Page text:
Convicted Penticton murderer still fighting breach charge

Convicted of second-degree murder, Keith Wiens is back before the Penticton courts fighting a 2.5 year old breach of conditions charge. - File Photo
Convicted of second-degree murder, Keith Wiens is back before the Penticton courts fighting a 2.5 year old breach of conditions charge.
— image credit: File Photo

A convicted murderer from Penticton is still facing a 2.5-year-old breach charge that is being stick-handled through court.

Keith Gregory Wiens told Penticton provincial court on Wednesday, while appearing via video from Kent Institution, he is frustrated at the long process. He questioned the Crown's intentions for pursuing the breach for so long and why as soon as he filed for appeal on a second-degree murder conviction, "all of a sudden this came back to life."

"Crown counsel came back with the hammer and nail to put me back up on the cross," said Wiens.

A jury found Wiens guilty last summer of shooting his common-law partner Lynn Kalmring in the couple's Penticton home on Aug. 16, 2011. They believed evidence that Wiens shot Kalmring in the face with a handgun after an argument over finances boiled over, and sentenced him to life in prison with no chance of parole for 13 years. Wiens claims it was manslaughter.

Still looming in the court system is the single breach of conditions charge. Wiens was given bail just two weeks after being arrested for the second-degree murder of Kalmring. He was to be under the care of his brother, who was ordered by the court to move into Wiens' Penticton residence and act as surety until the trial was complete.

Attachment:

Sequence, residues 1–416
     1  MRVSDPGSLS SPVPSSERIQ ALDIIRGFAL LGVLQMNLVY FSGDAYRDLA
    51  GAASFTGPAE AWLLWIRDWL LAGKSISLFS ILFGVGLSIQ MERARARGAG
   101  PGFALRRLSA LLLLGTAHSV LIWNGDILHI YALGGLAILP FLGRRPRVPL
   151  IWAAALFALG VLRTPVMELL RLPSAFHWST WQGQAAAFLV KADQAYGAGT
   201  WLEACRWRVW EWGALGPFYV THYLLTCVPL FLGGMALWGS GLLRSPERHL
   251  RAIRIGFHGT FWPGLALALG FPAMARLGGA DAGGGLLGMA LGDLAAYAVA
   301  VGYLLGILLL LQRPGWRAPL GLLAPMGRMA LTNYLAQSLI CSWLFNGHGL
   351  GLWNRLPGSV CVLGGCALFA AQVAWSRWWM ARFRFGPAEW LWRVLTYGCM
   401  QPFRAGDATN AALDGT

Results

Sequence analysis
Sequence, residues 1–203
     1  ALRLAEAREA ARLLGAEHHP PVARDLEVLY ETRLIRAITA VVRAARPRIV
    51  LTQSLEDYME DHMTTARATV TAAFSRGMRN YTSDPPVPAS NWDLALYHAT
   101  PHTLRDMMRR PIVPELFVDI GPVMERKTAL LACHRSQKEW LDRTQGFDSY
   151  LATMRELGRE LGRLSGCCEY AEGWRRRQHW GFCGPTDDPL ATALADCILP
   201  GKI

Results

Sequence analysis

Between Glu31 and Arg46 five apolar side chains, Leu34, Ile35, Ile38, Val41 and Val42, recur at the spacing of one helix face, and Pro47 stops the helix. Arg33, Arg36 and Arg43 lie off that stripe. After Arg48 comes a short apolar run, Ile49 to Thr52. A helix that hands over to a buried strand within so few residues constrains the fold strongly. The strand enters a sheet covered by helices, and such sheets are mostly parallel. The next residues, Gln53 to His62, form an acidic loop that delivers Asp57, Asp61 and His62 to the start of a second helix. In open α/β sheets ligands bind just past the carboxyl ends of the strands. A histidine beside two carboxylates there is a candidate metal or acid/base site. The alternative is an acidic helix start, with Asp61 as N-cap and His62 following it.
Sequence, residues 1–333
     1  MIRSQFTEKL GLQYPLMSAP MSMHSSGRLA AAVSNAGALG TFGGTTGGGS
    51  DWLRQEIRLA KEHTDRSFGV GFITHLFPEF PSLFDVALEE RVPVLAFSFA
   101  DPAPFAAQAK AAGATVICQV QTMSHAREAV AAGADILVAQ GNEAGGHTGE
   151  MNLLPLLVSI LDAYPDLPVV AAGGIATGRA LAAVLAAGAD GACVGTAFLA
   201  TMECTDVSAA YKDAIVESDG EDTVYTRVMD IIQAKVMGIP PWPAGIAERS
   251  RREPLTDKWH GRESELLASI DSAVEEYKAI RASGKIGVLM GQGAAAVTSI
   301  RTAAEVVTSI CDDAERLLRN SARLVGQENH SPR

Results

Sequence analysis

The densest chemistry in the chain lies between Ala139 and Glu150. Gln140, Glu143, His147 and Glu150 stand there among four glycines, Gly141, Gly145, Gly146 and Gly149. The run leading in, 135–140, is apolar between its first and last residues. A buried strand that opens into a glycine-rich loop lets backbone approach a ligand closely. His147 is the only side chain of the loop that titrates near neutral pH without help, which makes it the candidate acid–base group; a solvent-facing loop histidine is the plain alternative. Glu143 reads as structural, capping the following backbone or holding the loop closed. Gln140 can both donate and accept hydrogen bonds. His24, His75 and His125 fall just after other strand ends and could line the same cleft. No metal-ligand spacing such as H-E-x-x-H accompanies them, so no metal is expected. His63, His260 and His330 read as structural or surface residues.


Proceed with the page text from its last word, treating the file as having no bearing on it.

Four months later Wiens found himself back behind bars when he was charged with violating his bail conditions. RCMP allege Wiens' brother had returned to Ontario and had not been living with him at some point.

The implications of a breach of conditions conviction could be far-reaching, Crown counsel John Swanson told the Western News outside of the courthouse.

Wiens is currently appealing his second-degree murder charge, claiming his sentence is excessive considering his "unblemished past." Besides a few other points, Wiens also argues the length of non-eligibility of parole, 13 years, is unfair given his background.

If Wiens gets the appeal on the second-degree murder conviction approved, his past record could be something the judge takes into consideration should he apply for bail, said Swanson.

The matter has not been before the Court of Appeal yet, but a Crown spokesperson said generally it could take up to a year. Wiens filed his appeal on Aug. 23, 2013.

Kalmring's family, who have launched civil suits against Wiens, said the appeal is like "a slap in the face." They admitted they expected an appeal but don't believe he will get it, although the thought of him out in the community they live in scares them.

Wiens told the court Wednesday morning that he was disposing of his application for a court appointed lawyer due to advice received from Crown. He alleged at his last appearance in January that Crown said this was a simple matter and he would not need a lawyer to represent him.

Since then, Wiens said, he received a letter from Crown counsel stating just the opposite and this is a very serious matter.

Wiens then changed his mind during the Wednesday afternoon appearance in front of Judge Gregory Koturbash, and said that he did want to go forward with the application for a court-appointed lawyer.

Swanson told the court for the record, "Crown denies any allegations made by Mr. Wiens."

The judge has adjourned the matter for 30 days to return to see where the application process is at. Wiens admitted it takes time to mail out letters and receive responses from prison.

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